Written by Ardeshir Tayebi based on an original story in Persian by RFE/RL's Radio Farda
- By RFE/RL
IOC To Decide Russian, Belarusian Participation In Paris Olympics 'At Appropriate Time'
The executive board of the International Olympic Committee (IOC) on March 28 recommended allowing Russian and Belarusian athletes to take part in international competitions as neutral athletes, but said it will make a decision "at the appropriate time" on whether to allow them to compete at next year's Paris Olympics.
The executive board issued six recommendations in a statement after a meeting at IOC headquarters in Lausanne, Switzerland, saying that while they do not concern the participation of athletes from Russia and Belarus in the 2024 Paris Olympics, their implementation will be monitored.
"The IOC will take this decision at the appropriate time, at its full discretion," the IOC statement said.
Despite the ongoing war in Ukraine, the board said during nearly four months of consultations, it was clear that the "vast majority" of Olympic Movement stakeholders “want a pathway to be opened for the competitions under their sole authority," but they also requested recommendations should they decide to admit athletes from Russia or Belarus.
The executive board on March 28 said following this request, it issued six recommendations, saying that while they do not concern the participation of athletes from Russia and Belarus in the 2024 Paris Olympics, their implementation will be monitored.
The recommendations include allowing Russians and Belarusians to compete as individual neutral athletes and bars teams from the two countries. The board also recommended barring athletes who actively support the war and athletes who are "contracted to the Russian or Belarusian military."
The monitoring of the implementation of the recommendations "will be an important factor in the decision by the IOC concerning the participation of athletes with a Russian or Belarusian passport in the Olympic Games Paris 2024 and the Olympic Winter Games Milano Cortina 2026,” the executive board said.
IOC President Thomas Bach said after the meeting that the executive board wants to monitor the implementation of the recommendations "as long as possible...to be enabled to take an informed decision."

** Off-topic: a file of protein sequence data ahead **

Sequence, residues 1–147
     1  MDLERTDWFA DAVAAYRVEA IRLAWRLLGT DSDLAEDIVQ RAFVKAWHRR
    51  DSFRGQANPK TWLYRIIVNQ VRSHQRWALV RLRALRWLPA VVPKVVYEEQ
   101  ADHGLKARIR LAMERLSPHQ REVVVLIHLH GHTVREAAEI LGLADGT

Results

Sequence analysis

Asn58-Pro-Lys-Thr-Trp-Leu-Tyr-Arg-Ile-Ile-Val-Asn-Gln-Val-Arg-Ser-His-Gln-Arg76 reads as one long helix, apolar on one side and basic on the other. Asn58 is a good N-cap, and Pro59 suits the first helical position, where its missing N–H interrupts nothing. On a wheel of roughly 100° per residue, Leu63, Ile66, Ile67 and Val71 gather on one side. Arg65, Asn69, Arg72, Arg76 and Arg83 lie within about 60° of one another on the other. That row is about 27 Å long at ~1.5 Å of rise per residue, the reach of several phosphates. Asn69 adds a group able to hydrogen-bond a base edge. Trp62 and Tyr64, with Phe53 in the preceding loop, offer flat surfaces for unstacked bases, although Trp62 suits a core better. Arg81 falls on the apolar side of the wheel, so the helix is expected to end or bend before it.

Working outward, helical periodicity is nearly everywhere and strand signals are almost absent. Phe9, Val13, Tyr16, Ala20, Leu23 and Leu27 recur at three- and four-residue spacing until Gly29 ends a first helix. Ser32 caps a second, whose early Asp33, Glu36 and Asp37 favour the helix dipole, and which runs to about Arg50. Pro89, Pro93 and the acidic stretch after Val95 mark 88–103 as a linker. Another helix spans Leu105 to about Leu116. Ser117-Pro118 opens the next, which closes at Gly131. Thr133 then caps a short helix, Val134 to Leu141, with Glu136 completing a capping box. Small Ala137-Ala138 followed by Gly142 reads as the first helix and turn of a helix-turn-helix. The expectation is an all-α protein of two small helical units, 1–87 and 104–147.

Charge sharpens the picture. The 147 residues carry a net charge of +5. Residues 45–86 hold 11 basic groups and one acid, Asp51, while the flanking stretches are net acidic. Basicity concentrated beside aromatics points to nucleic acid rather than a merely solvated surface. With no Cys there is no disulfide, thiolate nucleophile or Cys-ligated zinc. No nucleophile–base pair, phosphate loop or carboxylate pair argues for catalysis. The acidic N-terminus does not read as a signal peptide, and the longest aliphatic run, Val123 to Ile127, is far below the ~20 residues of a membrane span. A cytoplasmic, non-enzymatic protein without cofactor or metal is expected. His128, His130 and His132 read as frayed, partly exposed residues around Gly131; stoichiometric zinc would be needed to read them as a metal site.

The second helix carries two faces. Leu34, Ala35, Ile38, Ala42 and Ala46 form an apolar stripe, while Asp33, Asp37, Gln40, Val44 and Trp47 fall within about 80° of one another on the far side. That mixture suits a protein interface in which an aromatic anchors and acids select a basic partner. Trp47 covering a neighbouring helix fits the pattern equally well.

The board, he said, did not consider it appropriate to give a timeline, adding, "no one knows what's happening tomorrow or in nine months."
Poland slammed the IOC action, while Russia's Olympic Committee said the recommendations were unacceptable.
"What positive things has Russia done for their athletes to now take part in competitions!! After Bucha, Irpin, Hostomel!! After the daily bombings of civilian sites!! It's a day of shame for the IOC!!" Polish Deputy Foreign Minister Piotr Wawrzyk said on Twitter.
Stanislav Pozdnyakov, the head of Russia's Olympic Committee, was quoted by Russian news agencies as saying the IOC action is "discrimination on the basis of nationality."
Bach defended plans to allow Russian and Belarusian athletes back into competitions as neutrals, telling the board in his address at the start of the meeting that the method is employed "in a number of sports, most prominently in tennis but also in cycling," but also in ice hockey, handball, and soccer.
He said the method "works," adding, there been no "security incidents."
The IOC sanctioned Russia and Belarus after Russia launched its full-scale invasion of Ukraine in February 2022, and the executive board on March 28 reiterated its condemnation of the invasion.
Bach's support for allowing athletes from Russia and Belarus to compete as neutrals and thereby have a chance to qualify for the Paris 2024 Olympics has faced opposition, particularly from Ukraine, which has threatened to boycott the Paris Olympics should Russian and Belarusians be allowed to compete, even as neutrals.
More than 300 fencers on March 28 wrote to Bach to ask the IOC to reconsider allowing them back, calling it a "catastrophic error" should Russia and Belarus return.
"You have chosen Russian and Belarusian interests over the rights of athletes, notably Ukrainian athletes, and by doing so, you are failing to support the very people your organizations are meant to support," the letter said.